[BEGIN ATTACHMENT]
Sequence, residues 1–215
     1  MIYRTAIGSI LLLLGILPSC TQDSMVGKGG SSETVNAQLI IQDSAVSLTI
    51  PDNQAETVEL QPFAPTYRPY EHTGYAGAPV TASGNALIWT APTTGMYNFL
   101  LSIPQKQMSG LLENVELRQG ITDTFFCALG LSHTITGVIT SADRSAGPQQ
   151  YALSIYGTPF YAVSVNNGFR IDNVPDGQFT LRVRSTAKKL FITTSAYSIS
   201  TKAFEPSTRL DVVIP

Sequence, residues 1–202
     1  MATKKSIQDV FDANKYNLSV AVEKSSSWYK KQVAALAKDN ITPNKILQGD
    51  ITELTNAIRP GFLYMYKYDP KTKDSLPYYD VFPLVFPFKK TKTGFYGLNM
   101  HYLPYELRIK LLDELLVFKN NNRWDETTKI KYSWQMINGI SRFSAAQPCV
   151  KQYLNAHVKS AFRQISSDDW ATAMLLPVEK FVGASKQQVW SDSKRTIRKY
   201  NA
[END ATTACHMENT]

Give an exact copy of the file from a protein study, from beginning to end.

Sequence, residues 1–215
     1  MIYRTAIGSI LLLLGILPSC TQDSMVGKGG SSETVNAQLI IQDSAVSLTI
    51  PDNQAETVEL QPFAPTYRPY EHTGYAGAPV TASGNALIWT APTTGMYNFL
   101  LSIPQKQMSG LLENVELRQG ITDTFFCALG LSHTITGVIT SADRSAGPQQ
   151  YALSIYGTPF YAVSVNNGFR IDNVPDGQFT LRVRSTAKKL FITTSAYSIS
   201  TKAFEPSTRL DVVIP

Sequence, residues 1–202
     1  MATKKSIQDV FDANKYNLSV AVEKSSSWYK KQVAALAKDN ITPNKILQGD
    51  ITELTNAIRP GFLYMYKYDP KTKDSLPYYD VFPLVFPFKK TKTGFYGLNM
   101  HYLPYELRIK LLDELLVFKN NNRWDETTKI KYSWQMINGI SRFSAAQPCV
   151  KQYLNAHVKS AFRQISSDDW ATAMLLPVEK FVGASKQQVW SDSKRTIRKY
   201  NA